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Scent Vase

(Case Study)

A handmade ceramic vase that displays the beauty of a flower through scent.

For this project I used the „Design for Emotion“ model after Desmet to design a product for well-being that addresses multiple senses.

I focussed on olfaction, the sense of smell, as the core principle of the design. Prior to designing the scent vase, I did a 10 weeks research project on olfactory design with designers, therapists and medicine students from The Netherlands, Ireland and Romania. The insights I gained about the connection of scents and emotions inspired me to this project.

Background

Research

My aim was to create a product that helps its user to take a quick refreshing break from the daily routine. Because of all the screens and the automation around us, I decided that the object would have to trigger sensory reactions and have a positive emotional effect to add value to the users‘ life.

My research on olfaction showed me how powerful the impact of scents can be on regulating our emotions. Humans can differentiale between 400.000 smells and like to all sensory impressions, emotional values are being assigned through the perception and evaluation of our experiences. However, our sense of smell is so powerful due to the direct and un-filtered connection of the olfactory tract to the limbic system, and therewith, the amygdala – our emotional processor and hard drive.

Challenge

Approach

To design an object that incorporates sensorial qualities with a focus on olfaction towards the well-being of the user that blends into the everyday life.

To get a clear idea of the working principle, I observed the general smelling behaviour of people and discovered a pattern: the neck is usually bent downwards and the nose and the upper lip form a dip where the object that is being smelled is inserted. I looked into reasons for this behaviour and discovered „active smelling“.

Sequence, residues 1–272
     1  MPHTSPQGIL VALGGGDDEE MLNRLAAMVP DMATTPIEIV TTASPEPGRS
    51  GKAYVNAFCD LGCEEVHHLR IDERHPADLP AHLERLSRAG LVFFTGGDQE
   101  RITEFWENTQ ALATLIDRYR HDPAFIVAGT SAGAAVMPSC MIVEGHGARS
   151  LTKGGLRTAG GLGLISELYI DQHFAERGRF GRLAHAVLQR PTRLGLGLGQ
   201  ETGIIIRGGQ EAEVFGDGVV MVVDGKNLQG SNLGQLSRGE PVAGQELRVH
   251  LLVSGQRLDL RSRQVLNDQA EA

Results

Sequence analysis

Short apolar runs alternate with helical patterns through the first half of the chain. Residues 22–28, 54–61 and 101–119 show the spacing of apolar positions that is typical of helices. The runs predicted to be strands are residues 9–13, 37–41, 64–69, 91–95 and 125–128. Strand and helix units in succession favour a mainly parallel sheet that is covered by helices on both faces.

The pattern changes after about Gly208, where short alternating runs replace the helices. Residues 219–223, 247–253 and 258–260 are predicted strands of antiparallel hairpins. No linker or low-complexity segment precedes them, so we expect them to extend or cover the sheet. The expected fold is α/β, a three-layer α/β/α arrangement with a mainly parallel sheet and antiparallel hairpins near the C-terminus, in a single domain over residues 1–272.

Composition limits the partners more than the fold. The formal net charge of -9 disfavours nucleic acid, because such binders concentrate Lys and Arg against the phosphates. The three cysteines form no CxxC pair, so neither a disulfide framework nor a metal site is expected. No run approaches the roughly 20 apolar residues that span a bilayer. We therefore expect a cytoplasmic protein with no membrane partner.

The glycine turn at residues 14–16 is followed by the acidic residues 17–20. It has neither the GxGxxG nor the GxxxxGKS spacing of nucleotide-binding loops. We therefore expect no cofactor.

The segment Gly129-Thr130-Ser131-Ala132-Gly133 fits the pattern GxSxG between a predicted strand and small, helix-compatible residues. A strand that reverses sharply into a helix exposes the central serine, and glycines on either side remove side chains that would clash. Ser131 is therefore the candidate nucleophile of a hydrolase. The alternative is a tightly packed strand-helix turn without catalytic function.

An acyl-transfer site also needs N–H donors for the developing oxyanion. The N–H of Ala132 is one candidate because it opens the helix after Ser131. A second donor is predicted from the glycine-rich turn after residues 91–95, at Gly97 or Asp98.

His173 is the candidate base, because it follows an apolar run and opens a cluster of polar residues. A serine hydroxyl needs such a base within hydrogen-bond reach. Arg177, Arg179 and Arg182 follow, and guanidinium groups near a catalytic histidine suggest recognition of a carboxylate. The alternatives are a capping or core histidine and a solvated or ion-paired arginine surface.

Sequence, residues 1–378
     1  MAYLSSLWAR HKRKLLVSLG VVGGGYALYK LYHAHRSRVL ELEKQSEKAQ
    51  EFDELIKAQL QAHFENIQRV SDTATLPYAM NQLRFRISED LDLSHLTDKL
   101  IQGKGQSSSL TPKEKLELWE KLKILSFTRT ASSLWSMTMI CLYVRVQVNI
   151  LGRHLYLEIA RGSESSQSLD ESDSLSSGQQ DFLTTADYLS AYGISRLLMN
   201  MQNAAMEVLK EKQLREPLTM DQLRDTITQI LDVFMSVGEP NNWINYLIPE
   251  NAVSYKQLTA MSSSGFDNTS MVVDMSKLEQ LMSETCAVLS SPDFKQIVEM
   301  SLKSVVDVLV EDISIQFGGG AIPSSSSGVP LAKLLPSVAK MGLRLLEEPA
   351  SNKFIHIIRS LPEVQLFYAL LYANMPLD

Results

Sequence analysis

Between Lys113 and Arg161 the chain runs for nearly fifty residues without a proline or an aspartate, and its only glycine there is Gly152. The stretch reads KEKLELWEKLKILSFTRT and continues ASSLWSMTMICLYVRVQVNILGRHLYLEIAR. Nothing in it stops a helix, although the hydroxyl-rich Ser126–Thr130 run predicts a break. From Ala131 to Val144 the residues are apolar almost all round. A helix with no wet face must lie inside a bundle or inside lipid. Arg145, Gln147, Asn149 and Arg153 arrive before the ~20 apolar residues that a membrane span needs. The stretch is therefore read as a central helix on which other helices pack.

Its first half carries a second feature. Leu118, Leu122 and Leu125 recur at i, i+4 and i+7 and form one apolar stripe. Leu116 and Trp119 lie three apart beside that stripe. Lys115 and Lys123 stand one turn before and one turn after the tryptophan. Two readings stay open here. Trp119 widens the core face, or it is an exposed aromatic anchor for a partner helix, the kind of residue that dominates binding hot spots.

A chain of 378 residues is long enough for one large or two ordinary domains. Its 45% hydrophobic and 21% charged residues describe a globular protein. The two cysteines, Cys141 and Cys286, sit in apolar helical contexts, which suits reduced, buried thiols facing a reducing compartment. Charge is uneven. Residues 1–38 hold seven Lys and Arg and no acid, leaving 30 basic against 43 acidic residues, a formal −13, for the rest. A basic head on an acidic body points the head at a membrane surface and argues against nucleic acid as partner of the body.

Active smelling means that the user consciously picks up a source of scent and comes close to it. According to my research, this increases the amount of scent molecules that enter the nasal cavity from 2% to 20%.

I decided to create a container for scent particles and chose ceramics as a material due to its tactile and visual properties.

I looked for soft, rounded forms during the inspiration and ideation phase to address the well-being aspect of the design.

My choice was an abstraction of the anatomy of a flower; the bowl at the top resembles the calyx, the neck and the body the stem while the scent intake reminds of a leaf.

I chose essential oils as a scent carrier because, in opposite to synthetic odours, they contain psychoactive chemical compounds as a result from the distillation process from organic materials.

The scent vase tries to tackle the concept of a vase as a medium to display the visual beauty of a plant. The geometry is scaled in such a way, that the vase can be placed anywhere in the house and easily picked up with one hand. The conical form prevents the volatile essential oil to escape too quickly.

All vases are handmade with slip casting.

The diagram is an excerpt of my research paper. It shows the preferences of a sample group that suffer from anxieties with a tendency towards sweet, fresh and acidic scent profiles as having a positive impact on their mood.

My proposal for a scent would therefore be orange or grapefruit. These two scents are also applied across different disciplines in therapy.